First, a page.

Pence Says Trump ‘Endangered’ His Life and He’s Very Sad They Aren’t Friends Anymore

“The president’s words were reckless,” Pence told ABC News about Trump’s tweets during the Capitol riot.
President Donald Trump and Vice President Mike Pence give a thumbs up after speaking on the first day of the Republican National Convention at the Charlotte Convention Center on August 24, 2020 in Charlotte, North Carolina.(Chris Carlson-Pool/Getty Images)

Former Vice President Mike Pence said former President Donald Trump’s tweets during the Capitol riot “endangered me and my family” in an ABC News interview Monday, but refused to say whether he thinks Trump should be president again. 

Pence also said that he and Trump once had a “relationship built on mutual respect” in an interview with Sean Hannity, which aired on Monday as well. 

Pence’s ABC interview featured some of his strongest condemnations of Trump’s actions on Jan. 6 since they left office, as Trump gears up to make another run for the presidency. But Pence has hinted that he’s planning on a run as well, and the more tepid interview with Fox was a reminder that making a bid for the Republican nomination will likely require a certain level of fealty to the former president.  


“The president’s words were reckless,” Pence told ABC News. Trump tweeted during the Capitol riot that Pence “didn’t have the courage to do what should have been done”—just minutes after the Secret Service had ushered the Vice President out of the Senate chamber. 

“It angered me. But I turned to my daughter who was standing nearby and said, ‘It doesn’t take courage to break the law, it takes courage to obey the law.’”

Pence also said he fought attempts by the Secret Service to escort him out of the building. “I just didn’t want those rioters to see the Vice President’s motorcade speeding away from the Capitol. I didn’t want to give them that satisfaction,” Pence told ABC News.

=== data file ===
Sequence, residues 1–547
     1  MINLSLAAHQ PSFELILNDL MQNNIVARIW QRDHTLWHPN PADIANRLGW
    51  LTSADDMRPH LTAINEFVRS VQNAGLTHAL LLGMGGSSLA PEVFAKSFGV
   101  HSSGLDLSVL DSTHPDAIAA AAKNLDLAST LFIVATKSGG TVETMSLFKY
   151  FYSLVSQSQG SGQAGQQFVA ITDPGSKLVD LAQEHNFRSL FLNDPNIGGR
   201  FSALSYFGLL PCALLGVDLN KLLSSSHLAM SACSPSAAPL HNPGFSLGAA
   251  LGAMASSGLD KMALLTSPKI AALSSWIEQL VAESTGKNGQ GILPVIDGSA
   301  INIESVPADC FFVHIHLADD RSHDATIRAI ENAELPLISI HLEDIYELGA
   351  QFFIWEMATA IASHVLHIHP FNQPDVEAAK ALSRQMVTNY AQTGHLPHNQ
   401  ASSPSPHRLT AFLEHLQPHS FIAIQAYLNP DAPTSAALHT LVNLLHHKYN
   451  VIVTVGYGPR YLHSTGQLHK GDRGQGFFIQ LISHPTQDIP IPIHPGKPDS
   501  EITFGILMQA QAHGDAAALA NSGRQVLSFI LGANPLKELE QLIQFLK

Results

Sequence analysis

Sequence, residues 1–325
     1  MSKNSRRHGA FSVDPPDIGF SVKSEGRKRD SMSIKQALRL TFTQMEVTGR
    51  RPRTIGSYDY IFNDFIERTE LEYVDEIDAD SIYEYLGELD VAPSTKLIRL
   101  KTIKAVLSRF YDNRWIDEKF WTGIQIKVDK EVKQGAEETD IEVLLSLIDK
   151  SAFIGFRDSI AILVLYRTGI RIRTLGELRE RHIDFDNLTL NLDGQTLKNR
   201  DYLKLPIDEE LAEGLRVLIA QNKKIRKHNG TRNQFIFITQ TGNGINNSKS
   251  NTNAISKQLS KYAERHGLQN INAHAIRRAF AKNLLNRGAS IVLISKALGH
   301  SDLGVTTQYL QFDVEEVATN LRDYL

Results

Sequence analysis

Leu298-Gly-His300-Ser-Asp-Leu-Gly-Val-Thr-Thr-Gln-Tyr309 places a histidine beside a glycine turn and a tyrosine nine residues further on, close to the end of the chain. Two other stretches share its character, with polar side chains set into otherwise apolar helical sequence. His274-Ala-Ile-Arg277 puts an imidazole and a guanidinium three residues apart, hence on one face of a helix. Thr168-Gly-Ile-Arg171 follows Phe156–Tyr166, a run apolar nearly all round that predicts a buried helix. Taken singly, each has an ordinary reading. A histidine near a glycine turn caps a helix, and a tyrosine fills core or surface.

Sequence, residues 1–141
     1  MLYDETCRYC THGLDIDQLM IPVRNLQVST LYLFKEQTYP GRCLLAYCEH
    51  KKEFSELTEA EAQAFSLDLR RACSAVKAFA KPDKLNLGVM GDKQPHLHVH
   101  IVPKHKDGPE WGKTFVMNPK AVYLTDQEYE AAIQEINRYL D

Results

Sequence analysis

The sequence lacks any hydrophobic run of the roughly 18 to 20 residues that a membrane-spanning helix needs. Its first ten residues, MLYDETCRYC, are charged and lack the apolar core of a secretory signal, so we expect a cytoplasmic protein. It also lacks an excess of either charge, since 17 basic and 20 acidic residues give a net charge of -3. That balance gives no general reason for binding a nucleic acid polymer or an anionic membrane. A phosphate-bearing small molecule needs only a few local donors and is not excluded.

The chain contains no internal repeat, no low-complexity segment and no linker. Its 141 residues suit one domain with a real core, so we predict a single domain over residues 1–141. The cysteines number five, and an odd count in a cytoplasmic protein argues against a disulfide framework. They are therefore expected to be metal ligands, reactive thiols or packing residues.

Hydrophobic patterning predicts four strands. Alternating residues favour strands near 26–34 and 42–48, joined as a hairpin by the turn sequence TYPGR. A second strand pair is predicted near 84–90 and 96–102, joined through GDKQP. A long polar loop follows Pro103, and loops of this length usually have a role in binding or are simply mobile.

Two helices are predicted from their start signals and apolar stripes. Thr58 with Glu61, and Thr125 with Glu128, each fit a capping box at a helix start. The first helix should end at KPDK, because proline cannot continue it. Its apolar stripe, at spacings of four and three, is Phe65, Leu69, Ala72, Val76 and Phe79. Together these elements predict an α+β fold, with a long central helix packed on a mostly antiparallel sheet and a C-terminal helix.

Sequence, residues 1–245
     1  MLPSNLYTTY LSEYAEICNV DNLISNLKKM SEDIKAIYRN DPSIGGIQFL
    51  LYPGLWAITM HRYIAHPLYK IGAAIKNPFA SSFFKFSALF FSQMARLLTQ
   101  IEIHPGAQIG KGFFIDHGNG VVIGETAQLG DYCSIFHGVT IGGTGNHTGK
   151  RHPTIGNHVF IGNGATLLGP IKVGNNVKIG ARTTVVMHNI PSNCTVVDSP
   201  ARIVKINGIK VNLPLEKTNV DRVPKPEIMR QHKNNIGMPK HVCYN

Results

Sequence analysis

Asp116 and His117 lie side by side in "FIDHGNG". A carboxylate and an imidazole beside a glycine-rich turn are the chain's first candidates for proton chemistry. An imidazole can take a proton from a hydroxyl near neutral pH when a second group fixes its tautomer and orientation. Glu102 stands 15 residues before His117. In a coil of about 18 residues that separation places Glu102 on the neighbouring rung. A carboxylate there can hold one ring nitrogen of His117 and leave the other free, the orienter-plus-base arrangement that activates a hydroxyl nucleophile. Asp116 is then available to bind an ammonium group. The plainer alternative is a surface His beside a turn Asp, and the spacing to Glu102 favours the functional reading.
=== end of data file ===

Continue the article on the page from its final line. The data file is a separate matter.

When asked if Trump “should ever be president again,” Pence said, “I think that’s up to the American people, but I think we’ll have better choices.” Of a presidential run himself, Pence said he was “giving it consideration.”

Pence also spoke with Fox News’ Sean Hannity Monday night, and said he’d had a “strong, close working relationship that was built on mutual respect” with the man who he says endangered his life.

“He was not just my president, he was my friend.”

Pence said that after the two left office, he “parted amicably” with the man whose devotees chanted “Hang Mike Pence” on Jan. 6.


“Last fall, when we got together, we parted amicably, and we spoke a number of times after I left office,” Pence told Fox News. “But frankly, when the President returned to some of the rhetoric about me and others who had taken a stand for the Constitution, I thought it was best that we just go our separate ways.”

Pence told Hannity he was proud of his work in the administration, which he writes about in the book. “The greatest accomplishment was three Supreme Court Justices, [and] making our liberties more secure,” Pence said of Trump appointees who went on to strike down the right to an abortion and shred the rights of criminal defendants

“Our administration didn’t end well,” Pence said, “but writing about those four years is what [the book] is principally all about, and my heart’s desire is it gives people hope and encouragement that what we did before we can do again.”

Trump, who attempted to overturn the 2020 election, was also impeached twice and has been accused of sexual harassment or assault by more than two dozen women. He is expected to announce a third bid for the presidency at Mar-a-Lago Tuesday. A Politico/Morning Consult poll of a hypothetical GOP presidential primary in 2024 released Tuesday found Trump with 47 percent support, Florida Gov. Ron DeSantis with 33 percent, and Pence with 5 percent.

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